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Member FAQs - Barter & Taxes

Does Revenue Canada provide guidelines pertaining to barter transactions?

Yes, Revenue Canada (IT-490) provides information on tax implication involving barter transactions. You can also consult your accountant for more information.

Do taxes apply to barter transactions?

It depends on the nature and frequency of your transactions.

Do taxes apply to bartering of services for other goods/services?

There are usually two scenarios, though sometimes it is difficult to categorize.

Non-taxable scenario:
In general, according to the Revenue Canada document IT-490 (Barter Transactions), if the person(s) bartering is an employee, and not a business owner, they may normally exchange non-business-related services or goods "occasionally" without being subject to taxation. Providing an occasional favour to a friend or a neighbour, if it is not part of your normal profession, is something you normally would not have done, is on a non-commercial basis, and is not part of your regular habit, would not normally be taxable.

Taxable scenario:
However, if the service(s) are business-related, or the exchange is "a regular habit," it falls under the category of taxable income, regardless of one's employee status. A service or commodity normally provided in the course of earning income and/or being part of one's profession must be included in income. Barter transactions cannot be used to intentionally avoid paying taxes. Please consult a tax accountant to get a professional opinion.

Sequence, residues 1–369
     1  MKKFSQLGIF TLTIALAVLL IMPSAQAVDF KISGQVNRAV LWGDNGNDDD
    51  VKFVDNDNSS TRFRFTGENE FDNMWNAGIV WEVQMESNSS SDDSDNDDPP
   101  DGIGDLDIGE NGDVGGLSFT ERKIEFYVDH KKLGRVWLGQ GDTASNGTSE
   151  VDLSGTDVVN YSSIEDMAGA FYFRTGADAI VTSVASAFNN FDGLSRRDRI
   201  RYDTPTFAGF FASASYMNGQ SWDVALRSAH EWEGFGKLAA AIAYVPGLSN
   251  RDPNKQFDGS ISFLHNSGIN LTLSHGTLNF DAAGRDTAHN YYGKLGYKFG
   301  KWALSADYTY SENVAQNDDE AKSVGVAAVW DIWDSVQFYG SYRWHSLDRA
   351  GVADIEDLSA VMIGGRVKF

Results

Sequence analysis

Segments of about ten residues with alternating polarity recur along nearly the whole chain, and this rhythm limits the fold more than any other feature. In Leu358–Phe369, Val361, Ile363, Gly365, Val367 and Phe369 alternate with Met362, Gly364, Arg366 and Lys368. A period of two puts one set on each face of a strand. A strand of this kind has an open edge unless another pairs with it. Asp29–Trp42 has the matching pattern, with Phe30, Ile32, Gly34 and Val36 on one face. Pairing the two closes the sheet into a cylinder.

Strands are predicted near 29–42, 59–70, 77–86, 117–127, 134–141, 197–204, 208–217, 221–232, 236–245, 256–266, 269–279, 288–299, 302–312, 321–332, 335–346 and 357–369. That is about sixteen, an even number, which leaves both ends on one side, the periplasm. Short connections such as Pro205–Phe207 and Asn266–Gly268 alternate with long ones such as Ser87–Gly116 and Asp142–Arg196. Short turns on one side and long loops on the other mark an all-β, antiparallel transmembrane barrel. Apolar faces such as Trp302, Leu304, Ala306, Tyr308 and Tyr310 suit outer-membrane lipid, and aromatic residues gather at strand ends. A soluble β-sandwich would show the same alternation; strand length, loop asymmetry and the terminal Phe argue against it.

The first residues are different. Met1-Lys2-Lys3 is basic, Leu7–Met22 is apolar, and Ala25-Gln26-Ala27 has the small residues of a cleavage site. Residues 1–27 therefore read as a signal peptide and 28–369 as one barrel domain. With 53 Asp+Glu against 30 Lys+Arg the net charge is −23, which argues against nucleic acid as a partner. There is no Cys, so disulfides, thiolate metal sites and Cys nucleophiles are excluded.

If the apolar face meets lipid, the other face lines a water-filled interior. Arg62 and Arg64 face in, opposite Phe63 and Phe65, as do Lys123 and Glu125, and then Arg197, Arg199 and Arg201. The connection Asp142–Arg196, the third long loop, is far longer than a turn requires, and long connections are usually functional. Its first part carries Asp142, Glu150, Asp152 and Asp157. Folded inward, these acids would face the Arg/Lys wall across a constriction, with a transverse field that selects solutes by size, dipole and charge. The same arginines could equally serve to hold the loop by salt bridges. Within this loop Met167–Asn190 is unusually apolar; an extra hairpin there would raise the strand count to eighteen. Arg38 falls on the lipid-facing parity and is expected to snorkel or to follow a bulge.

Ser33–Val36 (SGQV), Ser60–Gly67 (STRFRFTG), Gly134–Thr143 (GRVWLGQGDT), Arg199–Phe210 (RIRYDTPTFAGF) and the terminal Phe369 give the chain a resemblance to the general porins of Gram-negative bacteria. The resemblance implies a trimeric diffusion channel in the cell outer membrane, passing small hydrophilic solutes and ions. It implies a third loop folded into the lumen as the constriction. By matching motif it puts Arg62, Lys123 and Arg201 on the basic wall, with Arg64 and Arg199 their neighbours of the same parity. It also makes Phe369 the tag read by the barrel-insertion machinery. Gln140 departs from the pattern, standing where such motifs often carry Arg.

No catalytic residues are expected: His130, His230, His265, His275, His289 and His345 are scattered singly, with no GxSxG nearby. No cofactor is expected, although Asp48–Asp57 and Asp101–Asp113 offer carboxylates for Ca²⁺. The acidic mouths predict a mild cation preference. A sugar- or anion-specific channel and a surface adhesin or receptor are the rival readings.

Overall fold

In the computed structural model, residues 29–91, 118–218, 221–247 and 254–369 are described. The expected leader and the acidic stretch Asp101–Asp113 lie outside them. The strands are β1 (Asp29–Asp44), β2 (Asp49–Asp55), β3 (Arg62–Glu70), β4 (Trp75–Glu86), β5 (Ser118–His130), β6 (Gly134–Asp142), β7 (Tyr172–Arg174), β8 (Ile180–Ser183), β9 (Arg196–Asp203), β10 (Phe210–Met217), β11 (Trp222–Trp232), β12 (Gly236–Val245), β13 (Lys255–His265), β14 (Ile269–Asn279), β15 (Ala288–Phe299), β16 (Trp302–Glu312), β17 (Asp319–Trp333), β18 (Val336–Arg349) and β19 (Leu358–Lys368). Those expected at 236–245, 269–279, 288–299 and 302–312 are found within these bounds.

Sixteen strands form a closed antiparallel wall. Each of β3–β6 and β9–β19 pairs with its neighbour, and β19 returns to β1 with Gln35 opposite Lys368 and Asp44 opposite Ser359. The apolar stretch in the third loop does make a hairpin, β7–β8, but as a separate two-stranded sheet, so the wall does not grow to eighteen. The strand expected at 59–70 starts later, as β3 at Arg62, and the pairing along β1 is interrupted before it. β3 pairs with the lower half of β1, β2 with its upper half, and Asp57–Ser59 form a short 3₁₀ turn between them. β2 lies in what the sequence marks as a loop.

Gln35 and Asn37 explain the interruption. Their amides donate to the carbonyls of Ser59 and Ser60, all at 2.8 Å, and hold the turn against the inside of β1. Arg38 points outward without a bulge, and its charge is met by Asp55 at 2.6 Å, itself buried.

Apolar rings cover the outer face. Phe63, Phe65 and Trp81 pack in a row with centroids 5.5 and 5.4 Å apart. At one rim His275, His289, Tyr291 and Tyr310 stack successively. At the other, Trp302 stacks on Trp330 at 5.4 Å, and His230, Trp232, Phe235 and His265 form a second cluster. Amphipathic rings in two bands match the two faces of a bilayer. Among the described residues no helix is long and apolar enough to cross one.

If, for instance, you forge a long term barter relationship with another swapper trading skills and/or services, you would most likely be responsible for reflecting your transaction in your taxes.

Do taxes apply to bartering of goods for other goods/services?

According to Revenue Canada, 'in the case of goods bartered by a taxpayer for either goods or services, the value of those goods must similarly be brought into the taxpayer's income if they are business-related'. Revenue Canada illustrates it with the following example, 'the value of groceries given by a grocer to someone in exchange for something else must be brought into the grocer's income'.

Bartering of goods may also give rise to a capital gain. Revenue Canada discusses capital gains and/or capital loss in barter involving capital property in section 6 IT-490 Barter Transactions

How do I value the transaction?

Please refer to section 7 of IT-490 Barter Transactions for guidelines provided by Revenue Canada.

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